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Doubling down on sustainability as Stora Enso explores corrugated board

Corrugated board is the world's most widely used transport packaging. But it is not without its challenges. Its production requires a lot of wood fibre and the finished packaging can be damaged by moisture and pressure. Stora Enso has now launched a research project to improve the sustainability of corrugated board – in two ways: by using stronger paper and less raw material. 

The paper industry has an opportunity to gain market share as the pressure to achieve a green transition increases. Already today, paper and corrugated board often replace plastic and other finite resources as packaging materials. But paper products also have their challenges. Corrugated board is designed to protect the contents of packaging, but if it loses its properties, the contents can be damaged or even destroyed.  

Investing in research that develops the entire value chain 

Stora Enso is one of Sweden's largest forest owners and operates paper mills that produce paper products for corrugated board and packaging. The company is now investing in research to develop the entire value chain in the paper mills, including through RISE's Bioeconomy Research Programme.

"The biggest challenge in our industry is to develop a material that produces stronger corrugated boxes at a reasonable cost. If we can reduce the weight of our products and packaging, we can save a lot of material. We want to make the whole chain as efficient and economical as possible," says Atso Laakso, Product Development Project Manager at Stora Enso.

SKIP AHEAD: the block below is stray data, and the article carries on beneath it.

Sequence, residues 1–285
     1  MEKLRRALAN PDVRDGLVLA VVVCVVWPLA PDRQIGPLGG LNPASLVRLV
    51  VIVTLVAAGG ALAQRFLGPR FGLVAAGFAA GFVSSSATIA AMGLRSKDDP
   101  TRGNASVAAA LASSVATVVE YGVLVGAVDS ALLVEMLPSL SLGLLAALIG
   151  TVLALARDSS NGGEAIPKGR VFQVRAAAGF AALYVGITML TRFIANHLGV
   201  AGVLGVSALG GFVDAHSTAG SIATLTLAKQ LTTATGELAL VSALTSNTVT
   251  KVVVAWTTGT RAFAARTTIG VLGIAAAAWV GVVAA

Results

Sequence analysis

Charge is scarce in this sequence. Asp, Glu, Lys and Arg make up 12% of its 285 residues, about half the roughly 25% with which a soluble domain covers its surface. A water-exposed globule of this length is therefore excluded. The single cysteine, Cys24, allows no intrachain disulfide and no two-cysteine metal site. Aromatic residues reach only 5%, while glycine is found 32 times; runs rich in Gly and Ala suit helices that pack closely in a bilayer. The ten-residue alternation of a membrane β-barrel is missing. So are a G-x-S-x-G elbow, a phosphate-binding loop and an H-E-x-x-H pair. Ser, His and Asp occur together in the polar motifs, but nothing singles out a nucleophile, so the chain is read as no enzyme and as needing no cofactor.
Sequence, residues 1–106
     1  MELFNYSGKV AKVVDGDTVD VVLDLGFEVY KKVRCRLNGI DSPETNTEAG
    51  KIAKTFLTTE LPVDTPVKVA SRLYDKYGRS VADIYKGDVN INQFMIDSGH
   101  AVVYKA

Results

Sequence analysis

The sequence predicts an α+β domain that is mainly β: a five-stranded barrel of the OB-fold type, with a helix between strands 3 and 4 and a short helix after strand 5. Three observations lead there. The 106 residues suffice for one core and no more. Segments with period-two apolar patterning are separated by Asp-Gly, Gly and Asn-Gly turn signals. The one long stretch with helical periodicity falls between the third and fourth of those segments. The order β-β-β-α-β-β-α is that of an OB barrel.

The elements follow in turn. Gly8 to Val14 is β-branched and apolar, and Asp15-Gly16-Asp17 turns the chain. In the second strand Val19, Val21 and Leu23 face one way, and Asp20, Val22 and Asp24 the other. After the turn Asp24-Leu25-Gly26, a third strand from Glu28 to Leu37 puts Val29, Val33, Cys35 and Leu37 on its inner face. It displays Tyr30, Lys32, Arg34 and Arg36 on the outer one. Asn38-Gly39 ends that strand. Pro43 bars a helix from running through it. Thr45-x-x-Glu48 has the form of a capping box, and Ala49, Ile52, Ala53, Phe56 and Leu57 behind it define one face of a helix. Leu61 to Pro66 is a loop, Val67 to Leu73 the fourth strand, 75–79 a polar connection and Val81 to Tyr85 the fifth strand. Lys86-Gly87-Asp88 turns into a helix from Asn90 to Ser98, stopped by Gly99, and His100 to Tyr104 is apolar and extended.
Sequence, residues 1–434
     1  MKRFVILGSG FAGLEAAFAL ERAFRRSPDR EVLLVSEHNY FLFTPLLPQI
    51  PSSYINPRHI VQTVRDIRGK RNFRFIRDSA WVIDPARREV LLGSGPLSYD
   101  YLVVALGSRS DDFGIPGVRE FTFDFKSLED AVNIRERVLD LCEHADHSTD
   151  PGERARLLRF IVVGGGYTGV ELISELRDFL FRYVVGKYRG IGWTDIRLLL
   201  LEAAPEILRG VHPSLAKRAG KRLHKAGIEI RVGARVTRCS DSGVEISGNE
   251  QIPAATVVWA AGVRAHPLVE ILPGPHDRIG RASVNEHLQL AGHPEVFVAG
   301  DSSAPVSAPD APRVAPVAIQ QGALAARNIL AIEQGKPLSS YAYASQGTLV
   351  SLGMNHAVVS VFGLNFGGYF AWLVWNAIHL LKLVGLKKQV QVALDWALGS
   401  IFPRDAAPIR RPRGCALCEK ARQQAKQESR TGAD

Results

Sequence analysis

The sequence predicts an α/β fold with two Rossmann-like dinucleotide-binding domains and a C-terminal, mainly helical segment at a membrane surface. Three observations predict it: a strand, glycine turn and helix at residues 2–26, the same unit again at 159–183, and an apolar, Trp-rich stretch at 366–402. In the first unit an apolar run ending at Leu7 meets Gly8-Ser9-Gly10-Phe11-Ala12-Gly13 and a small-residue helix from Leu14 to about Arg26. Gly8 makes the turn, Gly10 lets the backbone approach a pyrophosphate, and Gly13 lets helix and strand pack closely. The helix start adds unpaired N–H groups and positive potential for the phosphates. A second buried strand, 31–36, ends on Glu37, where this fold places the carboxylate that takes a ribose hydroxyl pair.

Water is paper's worst enemy  

Corrugated board can be subject to creep. This is when the paper changes shape and size due to the effects of water, moisture and weight over time. These are common stresses for corrugated board, which is often transported over long distances and stacked for long periods in warehouses. But there is potential to overcome creep and produce stronger paper.  

"By modifying the fibre raw material in different ways, we can change things like strength, stiffness and creep. To do this, we are looking at the entire production chain - from the fibre line and spelt preparation to liner and fluting production," says Atso Laakso. 

RISE is a scientifically competent partner

Finding a cure for creep

The Corrugated Packaging project, which is part of the Bioeconomy Research Programme, has focused not only on fibre modification but also on creep, a relatively new area of research in paper production.

"We have gained new knowledge about creep that will help us with further research. With more knowledge about how to increase creep resistance, fibre-based materials can have a much greater competitive advantage over plastics, for example," says Atso Laakso.

New grinding methods can save raw materials

RISE has research teams with experts in different fields who conduct research along the entire value chain. In this project, they were able to combine their knowledge of fibre refining and creep to stop paper creeping. This is a new way of working that has led to new advances.